The Office for National Statistics (ONS) reported that UK inflation has fallen to 0.3% since September 2015, driven largely by cheaper air fares and lower clothing prices (1).
This is contrary to the Bank of England estimate last week, which set an expectation for inflation to be maintained at 0.5% during the second half of the year (1).
British Inflation has been below the Bank of England’s 2% target for more than two years, mainly due to falling oil costs and strengthening of the pound. The central bank expects the drag from these factors to reduce, though the inflationary goal is not expected to be achieved until mid-2018 (2).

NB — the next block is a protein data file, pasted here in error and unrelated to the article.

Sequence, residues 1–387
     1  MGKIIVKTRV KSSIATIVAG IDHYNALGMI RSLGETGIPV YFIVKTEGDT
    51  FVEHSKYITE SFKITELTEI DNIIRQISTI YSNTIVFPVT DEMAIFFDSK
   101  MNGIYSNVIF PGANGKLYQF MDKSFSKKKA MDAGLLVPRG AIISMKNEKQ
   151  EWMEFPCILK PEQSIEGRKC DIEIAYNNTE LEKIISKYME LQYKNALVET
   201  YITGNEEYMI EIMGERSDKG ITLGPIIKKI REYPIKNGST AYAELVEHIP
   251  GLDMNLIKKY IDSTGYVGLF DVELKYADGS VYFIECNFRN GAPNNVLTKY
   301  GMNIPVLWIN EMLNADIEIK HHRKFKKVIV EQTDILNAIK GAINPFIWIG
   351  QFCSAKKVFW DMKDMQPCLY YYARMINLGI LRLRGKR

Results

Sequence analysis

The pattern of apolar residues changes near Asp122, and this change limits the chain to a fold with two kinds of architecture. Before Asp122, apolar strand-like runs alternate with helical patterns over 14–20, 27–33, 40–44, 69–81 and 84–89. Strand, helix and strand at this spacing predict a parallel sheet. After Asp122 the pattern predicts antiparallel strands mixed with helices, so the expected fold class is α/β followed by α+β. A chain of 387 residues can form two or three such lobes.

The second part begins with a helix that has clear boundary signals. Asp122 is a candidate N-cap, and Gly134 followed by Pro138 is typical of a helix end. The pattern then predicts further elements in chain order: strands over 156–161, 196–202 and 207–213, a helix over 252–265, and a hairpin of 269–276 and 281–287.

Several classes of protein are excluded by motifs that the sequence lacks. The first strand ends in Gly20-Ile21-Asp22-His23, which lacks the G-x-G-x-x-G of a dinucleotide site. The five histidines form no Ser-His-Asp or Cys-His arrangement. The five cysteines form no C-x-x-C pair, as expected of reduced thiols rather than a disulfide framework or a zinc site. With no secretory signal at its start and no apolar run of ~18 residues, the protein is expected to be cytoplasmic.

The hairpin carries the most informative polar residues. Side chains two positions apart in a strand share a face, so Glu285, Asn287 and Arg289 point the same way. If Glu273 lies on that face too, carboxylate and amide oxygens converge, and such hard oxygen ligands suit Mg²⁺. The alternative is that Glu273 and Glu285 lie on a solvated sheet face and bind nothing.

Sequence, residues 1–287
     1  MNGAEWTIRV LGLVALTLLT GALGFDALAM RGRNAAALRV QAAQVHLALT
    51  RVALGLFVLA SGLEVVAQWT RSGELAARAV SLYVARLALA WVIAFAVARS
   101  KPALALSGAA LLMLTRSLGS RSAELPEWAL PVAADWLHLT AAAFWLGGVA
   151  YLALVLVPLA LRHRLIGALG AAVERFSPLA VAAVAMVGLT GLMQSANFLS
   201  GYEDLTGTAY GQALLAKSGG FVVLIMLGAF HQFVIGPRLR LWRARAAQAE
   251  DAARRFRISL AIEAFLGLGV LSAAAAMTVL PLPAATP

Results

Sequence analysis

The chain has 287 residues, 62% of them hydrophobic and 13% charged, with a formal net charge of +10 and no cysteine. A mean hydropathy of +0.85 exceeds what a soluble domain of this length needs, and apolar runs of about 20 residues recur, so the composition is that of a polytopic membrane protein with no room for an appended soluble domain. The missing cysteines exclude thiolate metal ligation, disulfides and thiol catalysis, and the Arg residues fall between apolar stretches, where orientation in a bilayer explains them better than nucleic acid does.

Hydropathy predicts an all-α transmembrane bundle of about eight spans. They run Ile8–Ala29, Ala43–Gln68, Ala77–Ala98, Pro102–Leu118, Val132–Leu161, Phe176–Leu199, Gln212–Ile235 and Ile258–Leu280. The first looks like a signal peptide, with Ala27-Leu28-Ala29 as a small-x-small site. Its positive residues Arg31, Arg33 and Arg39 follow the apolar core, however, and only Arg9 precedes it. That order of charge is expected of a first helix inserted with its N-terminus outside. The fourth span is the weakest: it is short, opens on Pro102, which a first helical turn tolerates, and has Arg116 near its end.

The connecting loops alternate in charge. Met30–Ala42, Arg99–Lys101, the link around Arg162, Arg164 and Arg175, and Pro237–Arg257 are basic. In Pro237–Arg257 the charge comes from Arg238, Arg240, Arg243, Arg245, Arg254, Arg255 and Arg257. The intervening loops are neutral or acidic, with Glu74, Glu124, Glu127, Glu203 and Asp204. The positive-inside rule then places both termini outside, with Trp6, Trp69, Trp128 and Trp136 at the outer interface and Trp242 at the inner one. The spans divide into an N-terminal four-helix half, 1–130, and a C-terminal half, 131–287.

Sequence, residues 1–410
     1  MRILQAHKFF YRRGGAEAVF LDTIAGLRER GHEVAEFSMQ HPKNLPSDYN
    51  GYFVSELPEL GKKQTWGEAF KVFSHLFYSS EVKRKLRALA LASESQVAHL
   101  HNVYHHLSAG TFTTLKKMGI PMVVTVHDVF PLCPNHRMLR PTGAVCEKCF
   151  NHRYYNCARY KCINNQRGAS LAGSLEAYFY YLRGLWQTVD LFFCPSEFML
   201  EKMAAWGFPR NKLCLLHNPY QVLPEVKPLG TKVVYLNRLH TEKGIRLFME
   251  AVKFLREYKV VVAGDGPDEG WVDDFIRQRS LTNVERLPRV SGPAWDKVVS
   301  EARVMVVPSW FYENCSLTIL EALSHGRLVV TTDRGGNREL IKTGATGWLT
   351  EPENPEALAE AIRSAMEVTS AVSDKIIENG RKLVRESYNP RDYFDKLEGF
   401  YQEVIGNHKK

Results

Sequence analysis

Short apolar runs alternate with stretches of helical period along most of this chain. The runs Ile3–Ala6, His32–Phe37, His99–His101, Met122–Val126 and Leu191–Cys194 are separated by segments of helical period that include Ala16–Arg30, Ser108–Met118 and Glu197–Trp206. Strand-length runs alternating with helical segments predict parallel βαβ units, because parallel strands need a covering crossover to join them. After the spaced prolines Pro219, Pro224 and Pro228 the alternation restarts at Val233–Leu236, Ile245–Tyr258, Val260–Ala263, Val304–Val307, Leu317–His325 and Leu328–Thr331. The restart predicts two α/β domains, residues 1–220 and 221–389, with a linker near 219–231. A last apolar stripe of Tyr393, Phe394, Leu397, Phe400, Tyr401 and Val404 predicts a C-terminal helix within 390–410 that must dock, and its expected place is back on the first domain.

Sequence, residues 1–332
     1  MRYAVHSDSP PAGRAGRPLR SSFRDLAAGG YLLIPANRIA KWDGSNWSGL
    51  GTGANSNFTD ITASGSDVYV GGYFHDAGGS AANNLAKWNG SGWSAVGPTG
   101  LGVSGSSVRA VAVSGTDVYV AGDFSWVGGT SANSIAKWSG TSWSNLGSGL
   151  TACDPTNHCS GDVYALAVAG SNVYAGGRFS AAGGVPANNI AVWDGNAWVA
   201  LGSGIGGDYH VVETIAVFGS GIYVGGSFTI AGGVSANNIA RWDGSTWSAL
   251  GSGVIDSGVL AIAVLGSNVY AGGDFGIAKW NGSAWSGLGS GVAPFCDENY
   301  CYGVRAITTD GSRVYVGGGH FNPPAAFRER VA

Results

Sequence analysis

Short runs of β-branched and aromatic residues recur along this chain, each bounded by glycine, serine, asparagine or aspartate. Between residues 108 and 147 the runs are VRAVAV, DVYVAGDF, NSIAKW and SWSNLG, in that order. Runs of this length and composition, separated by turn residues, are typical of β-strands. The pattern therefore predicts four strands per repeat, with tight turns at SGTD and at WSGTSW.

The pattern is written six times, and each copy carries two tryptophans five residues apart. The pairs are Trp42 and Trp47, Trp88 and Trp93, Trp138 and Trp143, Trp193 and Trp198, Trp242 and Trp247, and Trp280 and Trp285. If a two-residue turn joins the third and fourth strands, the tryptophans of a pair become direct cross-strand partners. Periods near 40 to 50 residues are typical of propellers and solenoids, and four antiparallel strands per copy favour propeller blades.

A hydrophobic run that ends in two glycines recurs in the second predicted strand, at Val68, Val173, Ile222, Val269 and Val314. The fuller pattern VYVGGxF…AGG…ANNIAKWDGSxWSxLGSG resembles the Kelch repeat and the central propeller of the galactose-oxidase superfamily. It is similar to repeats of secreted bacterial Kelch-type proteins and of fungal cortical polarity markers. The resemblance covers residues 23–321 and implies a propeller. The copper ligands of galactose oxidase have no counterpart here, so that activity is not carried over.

The ONS measure of core consumer price inflation fell from 1.5% to 1.2% – lower than the 1.4% forecast, according to economists. Meanwhile, the Retail Price Index, which is still used largely to index rents and pensions, also fell from 1.6% to 1.3% as reported (3).
Low inflation, modest economic growth, and uncertainty over the outcome of the EU referendum make it unlikely, in the eyes of many economists, that the Bank of England will raise interest rates from the historic low of 0.5% until mid-2017 (2).
- (1) – UK inflation rate falls on cheaper air fares – BBC News
- (2) – U.K. Inflation Unexpectedly Slows to 0.3%; Core Rate Drops – Bloomberg
- (3) – UK inflation slightly weaker than expected, steady at +0.3 percent – Reuters